Black Households in the United States
In the United States, Black Households are an important part of the marketplace. This month’s newsletter includes all primary heads of households (HHs) who self-identify as Black regardless of their country of birth or citizenship status. They represent 14% (or 20 million) HHs. Subsegments of Black HHs—such as single-headed HHs, traditional nuclear-family HHs, Affluent, and Emerging Affluent HHs—may represent better growth opportunities for certain financial products and service providers than others.
In 1963, Dr. Martin Luther King delivered his “I Have a Dream” speech. During the intervening 60 years many facets of the Black experience in America have changed—some for the better, some not at all.
Financial stability for Black HHs has improved but policy decisions to keep people in poverty persist. In 2022, fewer Black HHs than previously struggled to make ends meet (49% in 2012 to 29% in 2022): A stubborn 10% require assistance. The financial situation for Black women continues to improve: Single female HH heads with a 4-year college degree or higher currently outnumber educated single male heads (28% versus 20%). Only one-third of Black HHs own a home compared to 67% of all HHs, but first-time Black home ownership is now about the same as all HHs. Ownership of a business or private practice by Black HHs is also on par with the average for all US. Compared with non-Black households, income and assets are still below average except for superstars, professionals, and the few Black CEOs. Pandemic stimulus checks and moratoriums helped many HHs payoff bills and catch-up with monthly expenses. Since these ended, and with inflation’s emergence, some Black HHs could easily slide back into poverty. In 2022, the Supplemental Poverty Measure (SPM) rate increased 4.6 percentage points and ”the SPM child poverty rate more than doubled to 12.4%.” A July 2023 Pew Research report finds that 68% of Black adults “say they do not have income to live the kind of life they want, but a majority are optimistic that they will one day.” Despite challenges, the 2022-23 MacroMonitor finds that one-in five Black HHs believe the next generation will be better off; dual-headed Black households and HHs with children are among the most optimistic.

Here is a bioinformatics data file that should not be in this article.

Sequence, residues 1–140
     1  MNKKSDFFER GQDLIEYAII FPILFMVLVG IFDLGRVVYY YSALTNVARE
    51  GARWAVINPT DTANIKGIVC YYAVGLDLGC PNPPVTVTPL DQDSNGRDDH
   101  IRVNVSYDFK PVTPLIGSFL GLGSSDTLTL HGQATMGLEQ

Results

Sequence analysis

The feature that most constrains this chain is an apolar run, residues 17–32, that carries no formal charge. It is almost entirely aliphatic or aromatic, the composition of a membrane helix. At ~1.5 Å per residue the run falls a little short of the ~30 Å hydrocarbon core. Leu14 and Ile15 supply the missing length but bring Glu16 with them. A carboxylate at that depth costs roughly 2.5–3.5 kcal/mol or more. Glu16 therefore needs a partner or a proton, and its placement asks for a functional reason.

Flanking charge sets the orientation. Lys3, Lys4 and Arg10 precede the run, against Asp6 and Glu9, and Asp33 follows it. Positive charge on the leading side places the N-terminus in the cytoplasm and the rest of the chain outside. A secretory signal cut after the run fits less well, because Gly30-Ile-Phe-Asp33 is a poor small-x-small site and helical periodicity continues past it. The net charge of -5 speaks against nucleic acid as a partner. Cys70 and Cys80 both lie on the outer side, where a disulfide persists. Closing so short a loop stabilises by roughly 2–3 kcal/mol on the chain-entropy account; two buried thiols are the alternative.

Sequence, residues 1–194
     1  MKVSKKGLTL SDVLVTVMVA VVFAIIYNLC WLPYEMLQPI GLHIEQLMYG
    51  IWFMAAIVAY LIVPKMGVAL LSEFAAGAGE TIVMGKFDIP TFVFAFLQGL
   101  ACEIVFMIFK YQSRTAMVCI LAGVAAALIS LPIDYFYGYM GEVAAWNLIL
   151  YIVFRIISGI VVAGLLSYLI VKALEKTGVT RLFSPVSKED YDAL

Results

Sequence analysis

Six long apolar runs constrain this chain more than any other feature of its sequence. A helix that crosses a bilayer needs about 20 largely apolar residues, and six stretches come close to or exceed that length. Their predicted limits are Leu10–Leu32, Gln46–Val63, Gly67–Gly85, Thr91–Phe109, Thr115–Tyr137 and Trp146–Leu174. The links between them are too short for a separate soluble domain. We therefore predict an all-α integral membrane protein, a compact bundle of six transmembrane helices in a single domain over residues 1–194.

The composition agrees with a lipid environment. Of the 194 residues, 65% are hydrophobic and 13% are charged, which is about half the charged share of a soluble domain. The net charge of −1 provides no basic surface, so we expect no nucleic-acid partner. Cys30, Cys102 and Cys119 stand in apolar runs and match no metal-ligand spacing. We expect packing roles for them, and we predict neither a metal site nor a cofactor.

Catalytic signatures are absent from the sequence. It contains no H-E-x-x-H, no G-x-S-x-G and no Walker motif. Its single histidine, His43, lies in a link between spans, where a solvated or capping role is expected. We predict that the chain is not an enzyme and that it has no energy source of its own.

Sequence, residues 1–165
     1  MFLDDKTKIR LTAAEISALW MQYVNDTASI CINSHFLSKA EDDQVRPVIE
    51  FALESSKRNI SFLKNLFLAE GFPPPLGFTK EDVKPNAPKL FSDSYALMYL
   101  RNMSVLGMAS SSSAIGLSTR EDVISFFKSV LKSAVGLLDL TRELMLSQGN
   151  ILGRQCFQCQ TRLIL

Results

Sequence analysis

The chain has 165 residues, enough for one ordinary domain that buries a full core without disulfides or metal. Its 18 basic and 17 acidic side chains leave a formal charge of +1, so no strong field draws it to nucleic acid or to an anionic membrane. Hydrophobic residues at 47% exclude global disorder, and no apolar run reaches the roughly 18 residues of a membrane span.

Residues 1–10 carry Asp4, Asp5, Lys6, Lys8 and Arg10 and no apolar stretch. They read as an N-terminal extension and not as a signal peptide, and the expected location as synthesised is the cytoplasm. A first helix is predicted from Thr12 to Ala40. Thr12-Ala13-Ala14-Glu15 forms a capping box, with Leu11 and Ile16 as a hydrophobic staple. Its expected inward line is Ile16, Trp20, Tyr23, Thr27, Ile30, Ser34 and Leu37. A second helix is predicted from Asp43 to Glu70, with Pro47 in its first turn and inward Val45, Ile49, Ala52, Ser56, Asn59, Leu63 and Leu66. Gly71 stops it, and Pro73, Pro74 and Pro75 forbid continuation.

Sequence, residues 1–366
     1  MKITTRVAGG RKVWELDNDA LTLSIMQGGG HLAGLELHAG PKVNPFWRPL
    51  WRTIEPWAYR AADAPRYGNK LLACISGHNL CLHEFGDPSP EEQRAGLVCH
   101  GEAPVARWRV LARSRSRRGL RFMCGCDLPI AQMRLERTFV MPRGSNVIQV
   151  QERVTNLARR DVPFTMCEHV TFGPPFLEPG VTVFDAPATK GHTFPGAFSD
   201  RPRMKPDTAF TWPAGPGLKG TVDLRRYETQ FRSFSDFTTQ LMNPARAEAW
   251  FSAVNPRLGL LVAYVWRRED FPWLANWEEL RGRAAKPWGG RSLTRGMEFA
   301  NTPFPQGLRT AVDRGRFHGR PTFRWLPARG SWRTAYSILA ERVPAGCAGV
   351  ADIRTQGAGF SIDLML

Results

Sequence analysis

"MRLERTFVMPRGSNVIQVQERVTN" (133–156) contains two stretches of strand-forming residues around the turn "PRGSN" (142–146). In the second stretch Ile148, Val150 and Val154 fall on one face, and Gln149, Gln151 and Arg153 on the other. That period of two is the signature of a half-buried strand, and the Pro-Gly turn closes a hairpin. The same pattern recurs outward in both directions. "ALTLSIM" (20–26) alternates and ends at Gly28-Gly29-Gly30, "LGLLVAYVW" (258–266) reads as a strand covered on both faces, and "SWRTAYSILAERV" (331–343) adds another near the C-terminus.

Behaviors and Attitudes:
Black HHs are more familiar with depositories than with other types of financial institutions. Trust in banks and credit unions is higher than average and so are Black HHs expectations. Half or more of Black HHs think it’s very important that financial institutions support the social issues that affect them most. Four in ten Emerging Black Affluent HHs prefer to do business with institutions that are committed to more than the needs of its investors versus 27% of All US HHs.
Black HHs have a median annual HH income of $40k with an average of $910 in a typical month’s discretionary dollars. That’s not a lot of financial wiggle room for emergencies or to make investments. Understandably, concerns about debt are above average as are concerns about family finances in the event of death. To help manage spending, almost twice as many Black HHs as all HHs agree that BNPL (Buy Now Pay Later) is a smart-payment option to afford items without adding to HH debt.
One-quarter of Black HHs want to leave an estate for their heirs. A mean net worth of $274,000 will not sustain a HH for very long. Seven-in-ten Black HHs agree that “life insurance is a good way to protect my family’s lifestyle”—roughly two-in-ten HHs have at least one head with an individual life insurance policy (above average for all HHs). More Black HHs than other HHs find the death protection provided by life insurance to be of value. Individual life insurance, paid for in small monthly amounts, is an affordable alternative for inheritance in the absence of savings and investments.
Don’t miss the next in the series of 2-Minute Brief videos: Black Households on RFI Global MacroMonitor.
To learn more about Black households and different segments including single-headed households, traditional nuclear families, financial social influencers, emerging affluent, affluent and others, ask us about The 2023 Black MacroMonitor program.